(Appropriately) I can?t work out if this is ?Human Sacrifice? by Upsidedown Crossings or ?Upsidedown Crossings? by Human Sacrifice. [It is humansacrifice "Upsidedown Crossings". -ed.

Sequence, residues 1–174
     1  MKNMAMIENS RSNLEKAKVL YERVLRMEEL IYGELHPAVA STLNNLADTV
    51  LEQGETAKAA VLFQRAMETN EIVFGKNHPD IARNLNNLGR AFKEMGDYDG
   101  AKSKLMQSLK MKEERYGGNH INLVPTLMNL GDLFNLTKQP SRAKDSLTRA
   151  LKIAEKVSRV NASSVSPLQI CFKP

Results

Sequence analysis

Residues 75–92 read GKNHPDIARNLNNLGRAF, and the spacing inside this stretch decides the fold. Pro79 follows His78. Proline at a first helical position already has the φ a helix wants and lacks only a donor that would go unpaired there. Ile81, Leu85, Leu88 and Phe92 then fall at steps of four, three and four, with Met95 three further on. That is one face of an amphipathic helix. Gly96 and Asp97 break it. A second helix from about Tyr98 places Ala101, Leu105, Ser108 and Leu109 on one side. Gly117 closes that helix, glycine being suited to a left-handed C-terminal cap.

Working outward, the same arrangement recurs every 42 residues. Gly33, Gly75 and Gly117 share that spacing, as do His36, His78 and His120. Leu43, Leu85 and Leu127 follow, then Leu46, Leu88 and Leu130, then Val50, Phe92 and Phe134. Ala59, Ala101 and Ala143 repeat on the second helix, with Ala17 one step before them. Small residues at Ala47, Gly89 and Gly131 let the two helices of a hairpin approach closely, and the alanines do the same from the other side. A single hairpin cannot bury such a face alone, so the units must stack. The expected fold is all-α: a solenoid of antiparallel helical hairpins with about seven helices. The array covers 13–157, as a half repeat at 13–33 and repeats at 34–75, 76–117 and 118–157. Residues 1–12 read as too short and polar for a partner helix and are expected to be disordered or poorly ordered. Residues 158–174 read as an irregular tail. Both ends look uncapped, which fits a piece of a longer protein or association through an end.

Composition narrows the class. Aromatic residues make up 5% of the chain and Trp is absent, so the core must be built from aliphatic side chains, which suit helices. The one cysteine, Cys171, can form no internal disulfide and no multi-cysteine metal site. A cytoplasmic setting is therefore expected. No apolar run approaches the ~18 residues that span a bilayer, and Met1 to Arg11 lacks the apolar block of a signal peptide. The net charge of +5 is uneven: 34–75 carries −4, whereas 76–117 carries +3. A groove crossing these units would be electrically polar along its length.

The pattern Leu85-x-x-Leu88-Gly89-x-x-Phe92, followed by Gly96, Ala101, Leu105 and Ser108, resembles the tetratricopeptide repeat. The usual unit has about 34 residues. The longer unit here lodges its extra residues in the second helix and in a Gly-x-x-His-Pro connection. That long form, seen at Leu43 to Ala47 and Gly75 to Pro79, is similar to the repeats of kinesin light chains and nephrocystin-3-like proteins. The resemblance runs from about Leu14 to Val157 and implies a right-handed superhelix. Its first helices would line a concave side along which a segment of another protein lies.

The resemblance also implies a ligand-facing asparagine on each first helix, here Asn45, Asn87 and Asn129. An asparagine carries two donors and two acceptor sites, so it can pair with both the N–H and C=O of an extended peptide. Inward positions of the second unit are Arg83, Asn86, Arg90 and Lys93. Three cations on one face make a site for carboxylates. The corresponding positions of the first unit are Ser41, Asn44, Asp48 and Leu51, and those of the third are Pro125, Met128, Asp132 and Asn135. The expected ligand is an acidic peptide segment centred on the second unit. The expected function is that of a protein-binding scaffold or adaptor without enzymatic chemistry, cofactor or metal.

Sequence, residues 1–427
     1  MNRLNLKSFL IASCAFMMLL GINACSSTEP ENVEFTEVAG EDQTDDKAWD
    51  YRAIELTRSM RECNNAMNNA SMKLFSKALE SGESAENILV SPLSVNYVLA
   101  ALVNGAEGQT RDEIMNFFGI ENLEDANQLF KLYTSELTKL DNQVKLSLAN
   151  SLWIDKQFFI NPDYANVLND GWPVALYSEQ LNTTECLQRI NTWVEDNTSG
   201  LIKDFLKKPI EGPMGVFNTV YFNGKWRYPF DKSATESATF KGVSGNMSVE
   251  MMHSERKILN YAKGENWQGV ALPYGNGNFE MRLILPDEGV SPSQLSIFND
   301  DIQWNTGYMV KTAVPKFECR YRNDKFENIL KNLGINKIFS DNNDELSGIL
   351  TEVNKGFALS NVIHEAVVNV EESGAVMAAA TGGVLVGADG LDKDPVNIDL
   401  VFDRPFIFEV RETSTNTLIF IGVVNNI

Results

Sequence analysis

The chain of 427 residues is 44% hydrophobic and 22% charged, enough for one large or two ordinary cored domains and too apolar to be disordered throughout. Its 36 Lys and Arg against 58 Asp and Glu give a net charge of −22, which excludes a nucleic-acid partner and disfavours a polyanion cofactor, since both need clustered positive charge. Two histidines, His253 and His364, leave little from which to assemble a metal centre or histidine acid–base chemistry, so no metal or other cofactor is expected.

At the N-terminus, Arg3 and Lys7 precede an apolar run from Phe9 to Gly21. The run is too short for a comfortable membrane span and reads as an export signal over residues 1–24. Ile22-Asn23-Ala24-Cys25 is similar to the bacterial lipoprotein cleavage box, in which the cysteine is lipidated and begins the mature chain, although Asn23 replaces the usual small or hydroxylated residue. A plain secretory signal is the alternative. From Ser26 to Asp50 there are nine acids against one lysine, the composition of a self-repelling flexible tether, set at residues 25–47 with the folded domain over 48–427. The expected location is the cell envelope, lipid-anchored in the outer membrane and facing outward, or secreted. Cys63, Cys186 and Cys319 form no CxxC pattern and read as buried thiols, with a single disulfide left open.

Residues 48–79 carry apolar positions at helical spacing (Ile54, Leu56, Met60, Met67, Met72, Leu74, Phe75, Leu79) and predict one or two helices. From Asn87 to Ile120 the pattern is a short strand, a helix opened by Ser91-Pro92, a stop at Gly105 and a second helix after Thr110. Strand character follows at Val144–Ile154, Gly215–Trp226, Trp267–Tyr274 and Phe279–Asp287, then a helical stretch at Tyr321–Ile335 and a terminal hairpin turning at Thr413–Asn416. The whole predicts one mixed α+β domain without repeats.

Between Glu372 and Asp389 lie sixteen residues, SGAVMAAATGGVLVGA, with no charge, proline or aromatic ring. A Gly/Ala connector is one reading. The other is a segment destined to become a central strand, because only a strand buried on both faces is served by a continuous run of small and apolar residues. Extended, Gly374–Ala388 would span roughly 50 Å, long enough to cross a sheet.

] I?ve gone through a lot with this one ? first the sub-adolescent stoner-graf ?zine? that accompanies the cd, then the initial annoyance with a bass tone that refuses to leave your ears even though your sub-woofer is totally off, and finally a kind of repulsed quiescence with the calmly threatening, delicately insidious and attractively confusing music. Recorded under a bridge in New York in 2000, it is a document of some considerable disparity and ugliness, the surface never quite present but somehow surviving as a phantom veneer pieced together by subterranean echoes and unknown shell-fragments of non-tone. Quite wonderfully, the effect is something like walking through a subway and catching fragments of radio, conversation and the clanks and clicks of underground electronic activity and far-off industrial movement translated through reinforced concrete, and contains the same distance and latent paranoia that such sounds evoke in the entrails of the modern urban environment. How much of this is ?manned? and how much emerged from the contingencies of the recording environment is impossible to tell and makes for a recording that renders the above simile rather redundant, as pure environmental field-recording and musical agency combine in what could be both imitation and the stark actuality of a dark, damp and indistinct landscape. Or it could be a lot of tapes, skilfully manipulated. Either way, it slowly reveals a depth of field that intrigues, hurts and entices by its largely rhythmic and spatial transformations ? when what sounds like a child?s voice enters the cut some distance in a sudden pathos licks the recording with a whiff of human frailty, the seemingly impenetrable industrial/urban process caught off-kilter by something so disturbingly natural as a voice (possibly saying, ?break it?, although the words are lost in a snap of wind or sheet metal). Soon after, a twisted and disguised vocal tangent is mangled onto a dirty tone, regurgitating language into a mendacious loop, itself then completely obliterated by a suffocating bass tone ? linearly, no sound is allowed to establish itself fully before being swept into the sewer, but then each sound has its own historical movement, receding into or out of the darkness that surrounds and encroaches at every opportunity, a cavalcade of lost souls. Incestuous and repetitive rhythms on what sound like metal tubing are a staple of the recording, clanging out in a kind of resigned monotony like a disinterested hand running down railings, the flesh tapping tone from what it cannot hope to conquer. This creeping, vague recording is a quietly but assuredly rebellious venture towards a music of absence and loss, definable more by what?s not there than what is. Some of it feels like Waiting for Godot in its juxtaposition of radio-interference-loop absurdity and awkward, nihilistic statements of non-intent; and then you start to desire it, like any place that is truly inhabited, no matter how seemingly bleak and inhuman the landscape. I?ve yet to hear a more genuinely disturbing, subtlety affecting cd-r this year. 8/10 -- Evan Rhodes (15 April, 2008)